We had considered staying at Keystone for the night, but didn’t like the commercial feeling of the town, so we decided to continue west.

Early evening found us crossing over into Wyoming and rolling into the town of Newcastle, about five miles into the state.  This is a town which experienced an oil boom in the 20th century but is now a bit past its prime.  We drove through town looking for a place to stay.  There were a couple of commercial “campgrounds,” if you can call them that, perched next to the road with no trees or effort to conceal their location.

We also hadn’t really seen any worthy motels, but finally decided to stay at the Fountain  Motor Inn.  It looked like we were among the very few tourists staying here.  Most of the rooms are filled by oil workers with their trucks and equipment parked in a large lot alongside the motel.  The workers themselves sat outside their non-smoking rooms and smoked like chimneys while talking with their colleagues.  Oh, and there was a large pond with several substantial fountains.  It looked to us like someone had big plans and then ran out of the wherewithal to complete them.  It was a grand gesture though.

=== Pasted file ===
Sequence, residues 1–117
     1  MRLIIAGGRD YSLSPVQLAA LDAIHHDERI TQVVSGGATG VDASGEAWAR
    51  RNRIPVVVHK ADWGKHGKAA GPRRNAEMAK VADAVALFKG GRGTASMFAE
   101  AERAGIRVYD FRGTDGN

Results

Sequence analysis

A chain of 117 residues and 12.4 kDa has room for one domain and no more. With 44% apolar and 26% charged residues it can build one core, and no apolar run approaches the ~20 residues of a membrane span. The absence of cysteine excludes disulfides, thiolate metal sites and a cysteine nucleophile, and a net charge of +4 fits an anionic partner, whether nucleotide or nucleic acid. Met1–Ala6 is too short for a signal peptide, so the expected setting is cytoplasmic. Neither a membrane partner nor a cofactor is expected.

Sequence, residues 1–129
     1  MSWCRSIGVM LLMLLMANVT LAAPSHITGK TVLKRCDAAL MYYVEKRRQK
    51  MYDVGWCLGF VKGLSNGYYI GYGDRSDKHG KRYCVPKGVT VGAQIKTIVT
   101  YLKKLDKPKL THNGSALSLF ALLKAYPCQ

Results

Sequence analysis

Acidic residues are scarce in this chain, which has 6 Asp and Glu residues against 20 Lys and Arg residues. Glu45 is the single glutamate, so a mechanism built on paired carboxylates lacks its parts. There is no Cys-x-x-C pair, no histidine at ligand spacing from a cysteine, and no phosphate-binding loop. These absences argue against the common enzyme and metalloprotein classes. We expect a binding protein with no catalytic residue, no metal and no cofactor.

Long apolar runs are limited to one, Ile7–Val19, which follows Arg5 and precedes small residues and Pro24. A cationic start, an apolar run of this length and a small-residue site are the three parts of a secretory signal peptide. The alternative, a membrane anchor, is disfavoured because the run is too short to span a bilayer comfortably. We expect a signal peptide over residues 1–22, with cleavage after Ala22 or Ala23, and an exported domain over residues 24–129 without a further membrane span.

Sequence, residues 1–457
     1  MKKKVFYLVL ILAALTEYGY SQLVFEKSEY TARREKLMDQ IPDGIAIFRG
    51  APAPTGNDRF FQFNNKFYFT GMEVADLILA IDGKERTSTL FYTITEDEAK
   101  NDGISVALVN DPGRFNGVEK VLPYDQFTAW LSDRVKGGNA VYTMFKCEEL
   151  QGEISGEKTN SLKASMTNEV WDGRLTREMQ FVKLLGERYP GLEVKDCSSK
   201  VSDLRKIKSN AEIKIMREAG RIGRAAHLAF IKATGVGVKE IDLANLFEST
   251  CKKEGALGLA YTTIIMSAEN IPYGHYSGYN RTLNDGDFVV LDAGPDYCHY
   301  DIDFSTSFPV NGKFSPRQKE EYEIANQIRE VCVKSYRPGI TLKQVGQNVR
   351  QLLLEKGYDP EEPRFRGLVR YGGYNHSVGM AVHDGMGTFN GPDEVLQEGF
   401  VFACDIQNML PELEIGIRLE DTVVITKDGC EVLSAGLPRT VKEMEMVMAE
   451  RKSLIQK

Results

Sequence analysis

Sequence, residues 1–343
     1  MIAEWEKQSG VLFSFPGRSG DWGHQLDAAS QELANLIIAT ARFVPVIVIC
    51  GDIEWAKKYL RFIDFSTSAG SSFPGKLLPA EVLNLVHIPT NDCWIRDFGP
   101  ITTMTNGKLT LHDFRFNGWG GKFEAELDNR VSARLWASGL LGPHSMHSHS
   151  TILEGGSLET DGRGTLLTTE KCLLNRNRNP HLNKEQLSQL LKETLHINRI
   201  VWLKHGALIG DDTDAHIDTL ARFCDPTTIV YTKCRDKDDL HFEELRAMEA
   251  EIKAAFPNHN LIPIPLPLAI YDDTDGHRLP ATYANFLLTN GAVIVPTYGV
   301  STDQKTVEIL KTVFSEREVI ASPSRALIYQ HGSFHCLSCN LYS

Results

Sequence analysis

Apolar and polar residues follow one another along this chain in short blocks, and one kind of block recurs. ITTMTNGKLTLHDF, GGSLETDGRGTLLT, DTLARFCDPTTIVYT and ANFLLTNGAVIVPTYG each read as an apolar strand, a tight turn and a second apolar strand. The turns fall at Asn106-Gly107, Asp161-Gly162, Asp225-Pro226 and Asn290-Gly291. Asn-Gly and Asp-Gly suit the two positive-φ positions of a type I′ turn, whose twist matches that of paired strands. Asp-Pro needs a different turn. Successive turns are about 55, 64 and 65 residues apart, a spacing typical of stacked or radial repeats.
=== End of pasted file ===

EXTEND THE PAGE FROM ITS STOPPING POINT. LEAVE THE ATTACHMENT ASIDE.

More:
The weather has stayed dry since we left South Dakota, but the sky to the north, south and west was almost pitch black and really kind of scary.  The weather channel talked about tornado warnings in northern Colorado and western Nebraska — just where we are seeing that foreboding blackness. So far it isn’t headed our way.

Almost everything in town was closed by the time we got there, so we purchased some snacks at the Dollar Store and settled down for the night in the wilds of Wyoming.  I go to sleep tonight thankful for a safe day’s journey, some interesting things to see and do, and most of all for the love of my family.  Life truly is good!

Father's Day with the big 4 + 1

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6/18/2011 – Day 73 – Sioux Falls, ND to Badlands National Park – 288.6 Miles

After a satisfactory night at a down-at-the-heels Rodeway Inn, we breakfasted at “The Frying Pan,” a coffee shop right in front of the motel.  The food was good, and we were stunned when the “sticky roll” Diana ordered was almost as big as a dinner plate.  The waitress had warned us, so we had asked for a box right away and we took most of it with us for future enjoyment.